BOSTON—Eight pediatric academic centers have collaborated since 2009 to develop an open-science community that shares electronic medical record data to help them take better care of their patients. PEDSnet is one of the several clinical data research networks funded by the Patient-Centered Outcomes Research Institute (PCORI) that are dedicated to the mission of helping people make informed healthcare decisions.
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During the session, Translating Patient-Centered Outcomes to the Real-World Setting, at the ACR/ARHP Annual Meeting in Boston in November 2014, Charles Bailey, MD, PhD, said that each patient encounter is an opportunity to “learn from this patient how to take better care of other patients.”
With the overall goal of patient-centered outcomes research, PEDSnet is building a network for sharing standardized clinical data, capturing longitudinal data and maintaining reliable interoperability between other research networks. By participating in a collaboration designed for continuous improvement, healthcare professionals can continue to “uphold the trust that patients place in us as clinicians,” said Dr. Bailey, assistant professor of clinical pediatrics at the Children’s Hospital of Philadelphia.
Structured data are captured at every encounter, an essential part of the clinical data research network that provides the necessary infrastructure to its members, according to research published by Dr. Bailey and colleagues.1 “As the underlying digital infrastructure to a [learning health system], PEDSnet will enable the rapid implementation of new evidence into clinical practice and will address fundamental questions of clinical effectiveness for children and their families, particularly for individuals affected by serious, and generally rare, illness that persists into adulthood.”1
Opportunities for Observational Research
PEDSnet includes eight children’s hospital health systems; patient-power research networks (PPRNs) that focus on pediatric inflammatory bowel syndrome, hypoplastic left heart syndrome and child obesity; and two national data partners.
‘The model…works,’ Dr. DeWitt said. It focuses on outcomes because ‘you don’t know how you are doing unless you measure it.’
Sharing electronic health record (EHR) data enables observational research that has broad depth and breadth, with information about a diverse population of patients in a real-world setting. This “pediatric learning health system” is forming communities of patients, families, clinicians, researchers and health system leaders who work to produce and use healthcare data generated in routine clinical care settings and to facilitate observational research and clinical trials based on those data. Most importantly, PEDSnet depends on the active participation of patients and their families. Success of the collaboration is dependent on the impact the system can have on the lives of patients and what is important to them and their families, Dr. Bailey said.
Another speaker at the session, Laure Gossec, MD, PhD, professor of rheumatology at Pierre and Marie Curie University in Paris, noted that what physicians consider important outcomes may not match what patients consider most important. The scores that are used to rate the impact of RA have not always considered lifestyle issues most relevant to patients, such as pain, sleep and fatigue. She is working within OMERACT to ensure better assessment tools that capture the patient perspective. OMERACT, Outcome Measures in Rheumatology, has developed guidelines for patient participation in research and established a guide for including patient-reported outcomes.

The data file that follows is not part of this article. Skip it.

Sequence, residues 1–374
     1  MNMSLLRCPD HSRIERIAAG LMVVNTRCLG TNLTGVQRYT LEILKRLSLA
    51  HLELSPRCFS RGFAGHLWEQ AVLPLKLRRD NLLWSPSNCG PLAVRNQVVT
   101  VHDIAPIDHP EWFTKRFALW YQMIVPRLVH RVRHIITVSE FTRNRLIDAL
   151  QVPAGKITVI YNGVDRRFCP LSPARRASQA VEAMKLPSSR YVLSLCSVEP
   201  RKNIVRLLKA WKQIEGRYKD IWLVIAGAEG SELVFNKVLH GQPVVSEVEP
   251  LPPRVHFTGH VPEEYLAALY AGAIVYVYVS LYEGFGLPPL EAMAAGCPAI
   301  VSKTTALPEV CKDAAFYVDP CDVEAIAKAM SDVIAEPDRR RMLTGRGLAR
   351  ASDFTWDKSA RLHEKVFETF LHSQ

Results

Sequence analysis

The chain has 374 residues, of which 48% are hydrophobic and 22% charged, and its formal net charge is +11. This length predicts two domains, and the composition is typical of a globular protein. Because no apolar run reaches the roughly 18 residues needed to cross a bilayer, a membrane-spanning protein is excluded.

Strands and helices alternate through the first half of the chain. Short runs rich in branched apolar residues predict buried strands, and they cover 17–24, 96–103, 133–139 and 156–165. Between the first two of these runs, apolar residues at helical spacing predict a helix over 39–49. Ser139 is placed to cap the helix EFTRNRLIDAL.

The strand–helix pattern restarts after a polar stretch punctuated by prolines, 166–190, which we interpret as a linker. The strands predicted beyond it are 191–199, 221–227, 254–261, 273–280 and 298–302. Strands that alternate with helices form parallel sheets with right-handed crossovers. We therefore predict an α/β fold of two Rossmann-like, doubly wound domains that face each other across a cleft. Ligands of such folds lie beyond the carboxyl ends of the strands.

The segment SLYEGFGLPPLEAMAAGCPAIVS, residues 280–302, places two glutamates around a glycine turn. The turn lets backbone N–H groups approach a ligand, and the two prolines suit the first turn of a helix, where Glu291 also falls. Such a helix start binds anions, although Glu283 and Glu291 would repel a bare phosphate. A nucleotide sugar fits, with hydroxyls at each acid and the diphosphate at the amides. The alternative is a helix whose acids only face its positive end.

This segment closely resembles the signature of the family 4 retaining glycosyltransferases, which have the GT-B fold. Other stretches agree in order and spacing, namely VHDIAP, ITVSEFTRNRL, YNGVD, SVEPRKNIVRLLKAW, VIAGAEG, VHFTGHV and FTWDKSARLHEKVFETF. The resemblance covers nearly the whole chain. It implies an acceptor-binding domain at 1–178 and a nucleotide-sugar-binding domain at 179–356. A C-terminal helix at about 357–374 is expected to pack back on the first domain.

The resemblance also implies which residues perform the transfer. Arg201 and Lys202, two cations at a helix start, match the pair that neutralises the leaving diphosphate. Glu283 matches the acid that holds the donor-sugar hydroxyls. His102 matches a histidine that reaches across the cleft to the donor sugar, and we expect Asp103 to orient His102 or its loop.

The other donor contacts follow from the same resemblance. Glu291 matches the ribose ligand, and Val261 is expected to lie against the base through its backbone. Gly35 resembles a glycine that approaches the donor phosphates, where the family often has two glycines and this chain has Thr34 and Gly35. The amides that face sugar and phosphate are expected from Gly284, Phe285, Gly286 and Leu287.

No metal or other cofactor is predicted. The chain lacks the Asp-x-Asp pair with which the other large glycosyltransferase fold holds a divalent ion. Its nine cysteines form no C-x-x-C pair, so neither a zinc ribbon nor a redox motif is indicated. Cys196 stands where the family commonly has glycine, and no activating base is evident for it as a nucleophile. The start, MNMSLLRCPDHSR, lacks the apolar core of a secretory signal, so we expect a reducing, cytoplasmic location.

PR-COIN, or Pediatric Rheumatology Care and Outcomes Improvement Network, is one network of rheumatologists, nurses, therapists, social workers and others at rheumatology centers who are creating a registry database to measure their performance and inform themselves about patient-centered outcomes associated with juvenile idiopathic arthritis (JIA). Esi M. Morgan DeWitt, MD, MSCE, associate professor at Cincinnati Children’s Hospital Medical Center, said during her presentation that several questions motivated the development of the collaboration, such as whether “all children with JIA are receiving the best care possible … and whether parents are getting the information they need about the treatment and care for their children.”
The learning network was launched in 2011 and includes 13 sites and 60 physicians; it now has more than 2,000 patients registered in the database. The institutions within the network share best practices and methods for a disease that has had wide variation in therapeutic approaches. Parents are partners in the system, helping PR-COIN teams understand the patient’s perspectives, particularly about arthritis-related pain.
The model for the network is one that works, Dr. DeWitt said. It focuses on outcomes because “you don’t know how you are doing unless you measure it. … [It is important to] build community, have network sites working together to learn best practices from each other … and use technology effectively by building a sustainable registry,” she said.
Shared decision-making makes sense when there are multiple medically reasonable options to choose from, she said. “You need to make sure that the patient’s and parents’ goals and preferences are expressed and that providers have research-based evidence.”
Kathy L. Holliman, MEd, is a medical writer based in Beverly, Mass.
If you missed this session, Translating Patient-Centered Outcomes to the Real-World Setting, it’s not too late. Catch it on SessionSelect: http://acr.peachnewmedia.com/store/provider/provider09.php.